Friday, December 1, 2017

Portrait of a Marina Flooded by Sandy

Over Thanksgiving we visited Jeanette's cousin Paul, who owns a boatyard in Long Island.

I did a painted sketch of his shop and forklift, which he put back together after they were flooded with 11 feet of salt water. Paul Paolucci tells the story. (Link to Video).


Jim Douglas said...

"I find it very odd when they describe art as challenging, because I always thought art was meant to calm you like a lullaby, not challenge you like some skinhead in an underpass."
--Alexander Stoddart

James Gurney said...

Neither the lullaby nor the underpass-challenge metaphor describes my state of mind when I'm painting. I'd describe it more as a feeling of dissociation, as if the engine parts of my brain are unbolted from each other and laid out on the floor. There's a point when nothing seems to come together. If the painting starts to come to life (which is not always!), it's the result of a combination of good luck and dogged effort. The end result may be a feeling of neural exhaustion, sort of a calm feeling I guess, depending on whether the natural endorphins kick in.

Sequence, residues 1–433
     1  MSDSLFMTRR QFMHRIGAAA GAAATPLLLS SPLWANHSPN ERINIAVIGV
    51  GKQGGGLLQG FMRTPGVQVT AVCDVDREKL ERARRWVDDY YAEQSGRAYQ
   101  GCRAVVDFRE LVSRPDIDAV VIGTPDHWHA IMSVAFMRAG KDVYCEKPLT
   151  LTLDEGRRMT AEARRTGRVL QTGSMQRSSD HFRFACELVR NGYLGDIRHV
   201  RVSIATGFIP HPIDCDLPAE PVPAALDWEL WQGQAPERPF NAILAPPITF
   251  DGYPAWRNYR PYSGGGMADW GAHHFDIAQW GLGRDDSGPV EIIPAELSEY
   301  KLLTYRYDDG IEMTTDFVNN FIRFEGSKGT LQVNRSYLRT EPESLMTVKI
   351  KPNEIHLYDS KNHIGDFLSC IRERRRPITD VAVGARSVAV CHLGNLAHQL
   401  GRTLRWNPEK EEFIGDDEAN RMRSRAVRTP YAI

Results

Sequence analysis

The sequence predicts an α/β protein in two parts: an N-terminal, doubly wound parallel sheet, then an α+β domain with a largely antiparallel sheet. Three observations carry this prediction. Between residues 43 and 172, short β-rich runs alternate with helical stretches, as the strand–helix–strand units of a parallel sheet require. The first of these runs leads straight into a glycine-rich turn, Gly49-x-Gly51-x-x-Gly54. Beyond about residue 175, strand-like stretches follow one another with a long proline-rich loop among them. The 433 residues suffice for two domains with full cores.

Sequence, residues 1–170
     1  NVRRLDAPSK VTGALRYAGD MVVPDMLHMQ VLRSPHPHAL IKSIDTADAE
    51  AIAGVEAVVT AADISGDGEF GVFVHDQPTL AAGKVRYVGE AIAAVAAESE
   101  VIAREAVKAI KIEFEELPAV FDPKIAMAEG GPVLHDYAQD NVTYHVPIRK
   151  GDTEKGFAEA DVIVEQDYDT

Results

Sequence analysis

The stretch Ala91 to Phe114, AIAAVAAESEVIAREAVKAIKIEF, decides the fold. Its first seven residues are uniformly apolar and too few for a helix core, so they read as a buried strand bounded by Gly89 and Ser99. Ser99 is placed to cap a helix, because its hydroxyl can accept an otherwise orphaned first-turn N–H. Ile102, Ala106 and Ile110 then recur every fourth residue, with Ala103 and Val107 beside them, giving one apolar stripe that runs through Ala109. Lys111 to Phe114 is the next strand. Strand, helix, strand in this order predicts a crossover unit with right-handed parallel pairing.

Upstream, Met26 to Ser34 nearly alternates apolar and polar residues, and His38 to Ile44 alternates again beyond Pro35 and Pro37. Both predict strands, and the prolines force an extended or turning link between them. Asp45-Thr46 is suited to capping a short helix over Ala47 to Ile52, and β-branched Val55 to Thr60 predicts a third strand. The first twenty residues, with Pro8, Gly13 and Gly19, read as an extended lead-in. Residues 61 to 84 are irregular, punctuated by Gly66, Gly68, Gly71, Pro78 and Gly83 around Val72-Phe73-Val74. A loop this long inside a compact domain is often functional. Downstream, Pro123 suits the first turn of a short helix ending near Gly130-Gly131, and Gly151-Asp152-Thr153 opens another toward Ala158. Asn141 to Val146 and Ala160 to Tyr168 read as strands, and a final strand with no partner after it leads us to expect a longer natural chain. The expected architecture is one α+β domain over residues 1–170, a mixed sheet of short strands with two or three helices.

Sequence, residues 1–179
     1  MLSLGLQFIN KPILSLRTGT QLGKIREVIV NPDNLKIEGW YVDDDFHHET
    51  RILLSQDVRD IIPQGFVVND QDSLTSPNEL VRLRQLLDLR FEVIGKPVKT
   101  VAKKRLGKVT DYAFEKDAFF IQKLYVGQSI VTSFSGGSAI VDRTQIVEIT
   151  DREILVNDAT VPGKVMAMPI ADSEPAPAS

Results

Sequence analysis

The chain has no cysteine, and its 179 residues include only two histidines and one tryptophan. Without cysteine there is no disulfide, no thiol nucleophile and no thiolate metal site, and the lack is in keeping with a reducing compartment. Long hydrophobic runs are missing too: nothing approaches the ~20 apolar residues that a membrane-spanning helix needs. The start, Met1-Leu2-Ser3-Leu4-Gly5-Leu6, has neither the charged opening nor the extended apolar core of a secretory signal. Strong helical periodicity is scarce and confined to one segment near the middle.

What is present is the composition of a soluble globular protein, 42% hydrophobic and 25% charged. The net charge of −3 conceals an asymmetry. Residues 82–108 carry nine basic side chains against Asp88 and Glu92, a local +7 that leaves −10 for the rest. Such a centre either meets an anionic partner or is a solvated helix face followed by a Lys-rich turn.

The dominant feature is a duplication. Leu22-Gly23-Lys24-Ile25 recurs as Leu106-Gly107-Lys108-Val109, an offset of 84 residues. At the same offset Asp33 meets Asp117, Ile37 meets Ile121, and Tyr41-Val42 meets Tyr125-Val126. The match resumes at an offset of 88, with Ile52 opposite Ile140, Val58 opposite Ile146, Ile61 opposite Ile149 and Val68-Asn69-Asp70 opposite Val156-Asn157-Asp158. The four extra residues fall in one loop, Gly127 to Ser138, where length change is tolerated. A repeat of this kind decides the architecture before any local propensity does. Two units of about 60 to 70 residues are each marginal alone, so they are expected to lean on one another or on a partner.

Jim Douglas said...

I agree, neither description entirely resonates with me, but both are thought-provoking. I suppose every artist has a unique state of mind while creating. I appreciate hearing about your experience, and welcome other people to offer their descriptions.

My wife once asked me if I had fun while painting. I had to chuckle and admit, "Not really." I create to discover, learn, see, understand, etc. which are all rather exhausting acts. I'm less creating artwork and more crafting my future self.

But creating isn't always a process of accumulation. Jasper Johns once said, "I often find that having an idea in my head prevents me from doing something else. Working is therefore a way of getting rid of an idea." Something in there rings true to me as well.